The world has changed and so has the way we work as we move towards a hybrid work model, switching between working from home and the office. We can use technology to run workshops, webinars and business meetings but how can we feel engaged, motivated and as part of a team when working remotely? Or still make the same impact even though we are at home and the rest of the team in the office? The ability to lead ourselves, collaborate and communicate across functions and cultures are key skills for a sustainable working life in the new normal.

Planning, taking care of yourself and maintaining a positive mindset

You need to lead yourself in a hybrid work model to a higher extent than in a traditional physical model. Research shows that employees have worked more under lockdown and that work and leisure time become blurry when working from home. Not being able to switch off can be draining in the long term and managing our day to avoid back-to-back virtual meetings will be necessary to avoid digital fatigue. Also, taking good care of yourself when you are at home without colleagues taking you to lunch or to cheer you up at the coffee machine you are reliant on yourself for good energy and a positive mindset.

Knowing how to build relations remotely and prioritizing it

Knowing when to reach out to colleagues and catching up also needs to be thought into the daily planning and something not to be overlooked in a busy day as relationships will suffer in the long-term. Especially leaders need to be aware of the potential negative effect it can have on the remote team if meetings are cancelled or re-scheduled too often.   

Professional appearance in virtual meetings

As the world has opened, our children are back in schools and daycare, some colleagues are in the office, there won´t be the same understanding for “homey” interruptions like pets and children wanting our attention. It goes for our personal appearance too, where we will have to make more of an effort than under lockdown to not appear unprofessional.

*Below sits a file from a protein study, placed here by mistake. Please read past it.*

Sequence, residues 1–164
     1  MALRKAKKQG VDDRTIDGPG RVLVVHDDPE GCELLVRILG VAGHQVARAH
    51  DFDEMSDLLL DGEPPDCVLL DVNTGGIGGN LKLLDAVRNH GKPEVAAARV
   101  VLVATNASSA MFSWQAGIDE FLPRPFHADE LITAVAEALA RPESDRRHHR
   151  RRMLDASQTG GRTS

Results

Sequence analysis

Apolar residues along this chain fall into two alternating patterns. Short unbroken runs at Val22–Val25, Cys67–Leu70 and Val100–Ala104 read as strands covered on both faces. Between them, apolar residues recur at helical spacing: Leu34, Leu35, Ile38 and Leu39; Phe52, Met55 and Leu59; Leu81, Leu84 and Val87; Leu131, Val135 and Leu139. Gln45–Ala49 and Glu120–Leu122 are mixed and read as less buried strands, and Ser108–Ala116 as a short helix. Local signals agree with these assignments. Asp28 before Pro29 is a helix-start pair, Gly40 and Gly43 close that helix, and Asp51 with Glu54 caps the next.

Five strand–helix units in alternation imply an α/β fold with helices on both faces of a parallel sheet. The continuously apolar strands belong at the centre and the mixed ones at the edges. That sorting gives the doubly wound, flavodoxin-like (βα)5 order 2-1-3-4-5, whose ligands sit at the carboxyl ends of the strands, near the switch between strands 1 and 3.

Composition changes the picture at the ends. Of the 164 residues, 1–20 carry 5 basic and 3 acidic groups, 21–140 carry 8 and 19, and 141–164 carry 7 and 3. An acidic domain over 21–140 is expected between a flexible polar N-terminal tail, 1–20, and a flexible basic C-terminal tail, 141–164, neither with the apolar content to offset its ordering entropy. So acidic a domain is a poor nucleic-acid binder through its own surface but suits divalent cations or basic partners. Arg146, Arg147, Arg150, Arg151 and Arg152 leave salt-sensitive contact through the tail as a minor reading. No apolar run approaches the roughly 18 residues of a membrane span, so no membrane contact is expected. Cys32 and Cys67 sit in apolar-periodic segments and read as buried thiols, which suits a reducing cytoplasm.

How we think we look, and sound is not always how we come across, especially not in virtual meetings. Whilst we can easier compensate for this in physical meetings by picking up on social cues and adjust our behavior accordingly it’s a challenge in the virtual space.

Interpersonal skills and multi-cultural understanding

Building relations online has a lot to do with how we come across. The difficulty in reading non-verbal signals and what seem like lack of response and feedback mean we need to maintain a high level of self-awareness to convey the message we intent to. Do we seem approachable with an open body language and good eye contact? Or do we appear closed with a downward glaze whilst answering mails?

We might think we are open and empathetic but how are we really seen? How do we come across with our peers? This can be especially tricky for remote leaders where trust and motivation are built over the screen. Often, we are driven by old habits and take our physical behavior with us online with the risk of being misunderstood.

While it may be accepted that you bring your phone to a physical 1:1 meeting it can be very distracting and insulting even in the virtual 1:1 if there are too many interruptions as connectedness requires our full attention when we meet online. The same goes for how we host and join meetings. Do we make an effort to make people feel welcome in the virtual space or are we going straight to business? While it may be ok to start the meeting late in some cultures it can seem disrespectful in others.

Communication and presentation skills

Presenting ideas, showcasing our work or pitching to potential clients in the new normal require us to be confident and engaging communicators that can present convincingly in hybrid meetings and make the most of the precious time we have to make an impact. Whilst we may have been accustomed to virtual presentations under lockdown, the hybrid work model requires us to step in and out of the virtual and physical space and our communication and presentation material will have to resonate with both a physical and virtual audience.  

Building connection and trust with your audience begins with recognizing attitudes and behaviors in oneself. Pay attention to how you show up in meetings, practice being present, resist the temptation to multitask and schedule time for relationship building and social time with your colleagues, regardless of where they are.